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Cotton Belt Freight Depot: Local Artists Dream Of Adding Giant Mural To Iconic Ruin (Photos)

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Danny Wicentowski
Local artists want to turn the Cotton Belt Freight Depot into a 750-foot-long canvas.
Shuttered since 1959, the once bustling Cotton Belt Freight Depot is a 750-foot-long concrete ruin of graffiti, rot and trash. The structure is virtually invisible to city dwellers, hidden as it is behind a row of factories on the north riverfront.

But with the opening of the nearby Stan Musial Veterans Bridge in February, the pocked face of the Cotton Belt now greets motorists crossing the bridge from Illinois. Tom Nagel, an artist and preservation activist, wants to give those drivers a real St. Louis welcome: A 750-foot-long mural across the east facade.

"You drive across that bridge, but there's nothing there but this huge abandoned building," says Nagel. "Let's put something amazing there."

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St. Louis: A Cheap Canadian Traveler's Dream

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tnimalan on flickr
"St. Louis is a cheap place to visit, eh?"
In case you didn't catch the latest issue of Canadian Traveller, the magazine that boasts a "Canadian perspective of how Canadians travel," St. Louis is a paradise for any tourist looking for a big vacation on a minuscule budget.

"When it comes to looking for free things to do, St. Louis is one of the best cities in the world," the magazine says in the story "The Skinflint Guide -- Nine Ways To Keep An Eye On Your Bank Balance in St Louis."


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6 Local Urban Explorers You Should Be Following On Instagram

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Courtesy Patrick Devine
An abandoned YMCA gym somewhere in St. Louis.

There is an insatiable appetite in St. Louis to see forgotten, abandoned and hidden spaces. The greater metropolitan area is full of them (like this ballroom, or this mall, or this hospital). At its worst, these images are called "ruin porn," a voyeuristic way for people to shake their heads at urban destruction without doing anything to improve the situation. That may be fair criticism, but there's no denying that these spaces have an eerie beauty that is hard to forget.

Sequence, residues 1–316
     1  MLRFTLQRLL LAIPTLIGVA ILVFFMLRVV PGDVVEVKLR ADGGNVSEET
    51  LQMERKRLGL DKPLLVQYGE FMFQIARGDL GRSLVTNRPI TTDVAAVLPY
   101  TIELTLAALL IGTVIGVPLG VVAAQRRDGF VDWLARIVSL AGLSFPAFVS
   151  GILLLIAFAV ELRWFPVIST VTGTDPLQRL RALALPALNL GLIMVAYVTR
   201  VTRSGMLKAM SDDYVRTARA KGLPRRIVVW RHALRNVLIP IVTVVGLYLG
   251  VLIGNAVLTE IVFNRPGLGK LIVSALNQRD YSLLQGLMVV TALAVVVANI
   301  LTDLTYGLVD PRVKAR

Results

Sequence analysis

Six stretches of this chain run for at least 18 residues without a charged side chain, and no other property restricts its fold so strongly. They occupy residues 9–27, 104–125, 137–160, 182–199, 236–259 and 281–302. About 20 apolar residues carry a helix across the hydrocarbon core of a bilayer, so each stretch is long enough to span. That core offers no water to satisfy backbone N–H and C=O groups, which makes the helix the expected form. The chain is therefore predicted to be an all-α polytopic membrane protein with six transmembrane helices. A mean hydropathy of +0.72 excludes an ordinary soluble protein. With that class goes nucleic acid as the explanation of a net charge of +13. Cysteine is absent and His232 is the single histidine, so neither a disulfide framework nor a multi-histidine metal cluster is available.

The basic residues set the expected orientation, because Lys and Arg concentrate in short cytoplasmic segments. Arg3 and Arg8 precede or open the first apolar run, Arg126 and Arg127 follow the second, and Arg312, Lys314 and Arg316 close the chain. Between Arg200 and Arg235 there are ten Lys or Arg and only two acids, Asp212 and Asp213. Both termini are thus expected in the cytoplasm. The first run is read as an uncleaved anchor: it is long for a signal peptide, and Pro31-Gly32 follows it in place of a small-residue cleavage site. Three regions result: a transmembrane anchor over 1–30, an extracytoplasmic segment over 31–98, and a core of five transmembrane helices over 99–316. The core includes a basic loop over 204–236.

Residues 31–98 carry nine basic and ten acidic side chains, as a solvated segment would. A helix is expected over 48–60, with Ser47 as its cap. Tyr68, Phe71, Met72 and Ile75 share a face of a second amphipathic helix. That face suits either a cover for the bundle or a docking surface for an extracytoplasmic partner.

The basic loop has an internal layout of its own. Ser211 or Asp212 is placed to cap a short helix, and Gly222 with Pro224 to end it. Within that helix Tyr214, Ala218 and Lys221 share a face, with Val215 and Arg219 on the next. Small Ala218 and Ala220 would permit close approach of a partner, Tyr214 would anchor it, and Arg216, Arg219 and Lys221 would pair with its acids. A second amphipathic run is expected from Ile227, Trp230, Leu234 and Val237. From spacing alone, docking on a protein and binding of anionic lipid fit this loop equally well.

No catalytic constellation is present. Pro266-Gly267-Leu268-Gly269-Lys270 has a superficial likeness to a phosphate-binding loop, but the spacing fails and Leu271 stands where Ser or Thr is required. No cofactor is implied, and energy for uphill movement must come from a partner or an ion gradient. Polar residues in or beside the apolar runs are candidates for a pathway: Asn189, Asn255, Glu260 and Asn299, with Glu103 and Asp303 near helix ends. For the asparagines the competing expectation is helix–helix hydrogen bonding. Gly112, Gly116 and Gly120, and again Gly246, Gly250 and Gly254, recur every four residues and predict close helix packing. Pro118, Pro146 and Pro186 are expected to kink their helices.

The following locals have turned their Instagram eyes away from selfies and brunches, and focus in on these places. Not all of them can be, strictly speaking, termed "urban explorers," but they do explore urban areas and the results are by turns stunning and disturbing (especially an image we've included in the very last page -- be warned that it is graphic and may be upsetting to animal-lovers). In pursuit of this, they don't always shoot in St. Louis, but they're must-follows for anyone who wants to see a different side of American cities.

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Photo of the Day: Nelly Gives Obama a Haircut in Bogota, Colombia Bar

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Julia van Horn
Nelly gives President Barack Obama a VIP cut.
On a trip to Bogota, Colombia, St. Louis natives Julia van Horn and Jack Grelle found an amazing poster in the very first bar they visited.


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Post-Apocalyptic Portraits of Abandoned YMCA Taken by St. Louis Pastry Chef (PHOTOS)

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The deep end. | Patrick Devine

By day, Patrick Devine slaves over designer macarons, tarts and cakes so intricately detailed they look like they were assembled by gnomes at La Patisserie Chouquette (1626 Tower Grove Avenue; 314-932-7935). But in his free time, Devine makes art in a very different way -- he enters abandoned properties and snaps portraits of the things and places people left behind.

"Some people don't really appreciate the photos.... It's just something that I'm drawn to," he says. "It would be really strange to have someone say, 'Oh, I grew up in that place,' or, 'I used to work there.'"

See also: Crestwood Court: Post-Apocalyptic Portraits of the Abandoned Mall (PHOTOS)

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Happy Halloween: 3 "True" St. Louis Ghost Stories

Happy Halloween, Daily RFT readers!